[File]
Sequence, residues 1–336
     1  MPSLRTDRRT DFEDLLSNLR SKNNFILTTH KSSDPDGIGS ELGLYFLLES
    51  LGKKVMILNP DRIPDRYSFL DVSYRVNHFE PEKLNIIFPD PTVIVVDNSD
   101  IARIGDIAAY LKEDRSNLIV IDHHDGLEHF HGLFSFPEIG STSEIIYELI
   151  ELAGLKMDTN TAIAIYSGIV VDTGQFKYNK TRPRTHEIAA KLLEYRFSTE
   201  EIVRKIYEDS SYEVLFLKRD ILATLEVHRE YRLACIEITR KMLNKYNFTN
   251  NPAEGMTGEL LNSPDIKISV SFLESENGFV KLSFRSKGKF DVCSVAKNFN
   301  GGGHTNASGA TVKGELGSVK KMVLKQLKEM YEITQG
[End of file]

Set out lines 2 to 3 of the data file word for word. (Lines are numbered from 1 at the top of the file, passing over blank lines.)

     1  MPSLRTDRRT DFEDLLSNLR SKNNFILTTH KSSDPDGIGS ELGLYFLLES
    51  LGKKVMILNP DRIPDRYSFL DVSYRVNHFE PEKLNIIFPD PTVIVVDNSD